Causes, Symptoms, Treatmenent,home remedies for bruises

Published: 22nd March 2010
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A bruise, also called a contusion, is a type of relatively minor in which capillaries and sometimes venules are damaged by trauma, allowing blood to seep into the surrounding extracellular space. Bruises can involve capillary at the level of skin, subcutaneous tissue, muscle, or bone.

Bruise often become more prominent as time lapses, resulting in additional size and swelling.

General factors modifying size and shape of bruises

Bruise caused by a handrail, typical of

Severe bruises caused by car accident

Bruise caused by a bad landing while snowboarding

• In soft tissues, a larger area is bruised than would be in firmer tissue due to ease of blood to invade tissue.

• Additional bruising occurs in females due to increased subcutaneous fat.

• Although the same size, bruise are more prominent in fair complexion.

• More extensive vascular causes more bleeding.

• Better striking forces cause greater bruising.

• Even though having completely normal coagulation factors, natural redheads have been shown to bruise more, although this may just be due to greater visibility on commonly-associated fair complexion.

Bruises develop when small blood vessels under the skin tear or rupture, most often from a bump or fall. Blood leaks into tissues under the skin and causes the black-and-blue color. As bruises (contusions) heal, usually within 2 to 4 weeks, they often turn colors, including purplish black, reddish blue, or yellowish green. A bruise on a leg usually will take longer to heal than a bruise on the face or arm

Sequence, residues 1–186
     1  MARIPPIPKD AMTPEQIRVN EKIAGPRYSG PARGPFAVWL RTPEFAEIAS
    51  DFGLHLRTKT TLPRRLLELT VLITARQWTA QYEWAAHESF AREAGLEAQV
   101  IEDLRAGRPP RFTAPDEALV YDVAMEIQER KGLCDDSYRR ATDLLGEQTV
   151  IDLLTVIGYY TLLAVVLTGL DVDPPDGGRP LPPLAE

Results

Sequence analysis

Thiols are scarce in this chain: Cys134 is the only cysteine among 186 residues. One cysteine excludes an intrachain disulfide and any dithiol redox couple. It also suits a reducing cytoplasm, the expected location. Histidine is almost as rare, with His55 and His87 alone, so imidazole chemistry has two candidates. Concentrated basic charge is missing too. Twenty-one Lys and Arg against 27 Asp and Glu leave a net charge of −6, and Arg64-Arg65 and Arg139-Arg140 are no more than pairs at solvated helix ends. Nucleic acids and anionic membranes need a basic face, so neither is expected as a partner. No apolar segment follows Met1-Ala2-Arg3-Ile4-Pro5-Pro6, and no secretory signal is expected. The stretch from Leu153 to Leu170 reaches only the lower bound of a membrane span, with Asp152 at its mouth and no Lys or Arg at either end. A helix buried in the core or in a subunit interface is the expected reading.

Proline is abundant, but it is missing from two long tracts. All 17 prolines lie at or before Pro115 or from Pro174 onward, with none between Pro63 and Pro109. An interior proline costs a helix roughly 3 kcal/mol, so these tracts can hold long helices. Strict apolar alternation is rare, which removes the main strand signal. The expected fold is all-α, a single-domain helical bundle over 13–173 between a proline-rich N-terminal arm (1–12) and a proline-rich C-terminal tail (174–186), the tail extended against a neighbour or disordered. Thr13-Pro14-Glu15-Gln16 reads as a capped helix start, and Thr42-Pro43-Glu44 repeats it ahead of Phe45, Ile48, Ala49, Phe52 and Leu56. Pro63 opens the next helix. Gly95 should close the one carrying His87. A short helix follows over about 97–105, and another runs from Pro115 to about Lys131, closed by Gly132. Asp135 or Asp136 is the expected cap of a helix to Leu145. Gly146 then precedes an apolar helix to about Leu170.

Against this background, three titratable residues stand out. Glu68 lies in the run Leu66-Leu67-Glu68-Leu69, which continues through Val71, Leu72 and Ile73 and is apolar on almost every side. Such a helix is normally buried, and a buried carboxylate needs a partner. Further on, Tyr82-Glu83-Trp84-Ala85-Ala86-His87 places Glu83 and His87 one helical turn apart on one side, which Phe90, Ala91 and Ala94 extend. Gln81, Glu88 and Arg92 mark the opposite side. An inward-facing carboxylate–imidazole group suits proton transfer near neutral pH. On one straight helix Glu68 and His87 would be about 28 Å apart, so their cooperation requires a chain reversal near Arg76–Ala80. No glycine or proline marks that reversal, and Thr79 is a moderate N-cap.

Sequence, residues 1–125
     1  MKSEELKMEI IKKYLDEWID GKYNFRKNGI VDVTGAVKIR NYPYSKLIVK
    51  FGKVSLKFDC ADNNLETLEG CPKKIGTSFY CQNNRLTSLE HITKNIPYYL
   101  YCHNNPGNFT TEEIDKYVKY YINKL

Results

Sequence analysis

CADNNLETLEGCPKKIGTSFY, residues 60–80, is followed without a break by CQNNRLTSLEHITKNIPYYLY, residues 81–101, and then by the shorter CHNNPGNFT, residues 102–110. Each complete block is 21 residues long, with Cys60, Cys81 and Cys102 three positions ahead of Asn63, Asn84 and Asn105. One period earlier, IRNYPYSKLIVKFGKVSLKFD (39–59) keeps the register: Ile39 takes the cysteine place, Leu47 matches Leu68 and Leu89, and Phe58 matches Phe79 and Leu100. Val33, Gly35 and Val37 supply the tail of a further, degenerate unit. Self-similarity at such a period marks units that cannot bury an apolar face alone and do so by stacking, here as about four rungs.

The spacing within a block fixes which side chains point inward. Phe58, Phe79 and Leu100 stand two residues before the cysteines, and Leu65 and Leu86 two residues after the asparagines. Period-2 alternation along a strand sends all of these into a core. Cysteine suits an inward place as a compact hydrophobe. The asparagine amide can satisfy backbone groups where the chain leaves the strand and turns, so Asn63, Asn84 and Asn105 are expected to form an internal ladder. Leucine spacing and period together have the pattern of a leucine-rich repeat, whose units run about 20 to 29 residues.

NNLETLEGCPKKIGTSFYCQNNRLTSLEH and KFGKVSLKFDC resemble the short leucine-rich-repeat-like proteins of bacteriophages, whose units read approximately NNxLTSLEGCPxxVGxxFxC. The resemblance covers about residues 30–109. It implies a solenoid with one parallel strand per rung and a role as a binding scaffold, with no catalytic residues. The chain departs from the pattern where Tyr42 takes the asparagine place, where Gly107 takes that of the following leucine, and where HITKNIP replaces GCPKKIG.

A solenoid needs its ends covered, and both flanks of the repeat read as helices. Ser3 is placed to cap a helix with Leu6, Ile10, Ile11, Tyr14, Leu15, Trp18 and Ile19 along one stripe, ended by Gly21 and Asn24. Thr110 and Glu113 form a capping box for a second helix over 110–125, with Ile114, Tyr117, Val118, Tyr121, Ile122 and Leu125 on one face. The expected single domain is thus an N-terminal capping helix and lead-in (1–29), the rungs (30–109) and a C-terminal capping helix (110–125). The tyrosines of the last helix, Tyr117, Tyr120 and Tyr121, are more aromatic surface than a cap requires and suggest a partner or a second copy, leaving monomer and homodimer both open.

Most bruise be not a cause for concern and will go away on their own. Home treatment possibly will speed healing and relieve the swelling and soreness that often accompany bruises that are caused by injury. But severe staining, swelling, and pain that begin within 30 minutes of an injury may mean a more serious problem, such as a severe sprain or fracture.

If you bruise simply, you may not even remember what caused a bruise. Bruising simply does not mean you have a serious health problem, especially if bruising is minimal or only shows up once in a while.

• Older adults often bruise easily from minor injuries, particularly injuries to the forearms, hands, legs, and feet. As a person age the skin becomes less flexible and thinner because there is less fat under the skin. The cushion effect of the skin decreases as the fat under the skin decreases. These change, along with skin damage from exposure to the sun, cause blood vessels to break easily. When blood vessels shatter, bruising occurs.

• Women bruise more easily than men, especially from minor injuries on the thighs, buttocks, and upper arms.

• A inclination to bruise easily sometimes runs in families.

Rarely after an injury, blood collects and pools under the skin (hematoma), giving the skin a spongy, rubbery, lumpy feel. A standard bruise is more spread out and may not feel like a firm lump. It is not the same thing as a blood coagulates in a vein, and it does not cause blood clots.

Bruises that do not materialize to be caused by an accidental injury may be caused by abuse. It is important to consider this risk, especially if the bruises cannot be explained or if the explanations change or do not match the injury. Report this type of bruising and seek help to prevent further abuse.

Blood spots

Blood spots under the skin may be either purpura or petechiae. Purpura may look like bruises, but they are not caused by an injury as most regular bruises are. Petechiae don't look like bruises.

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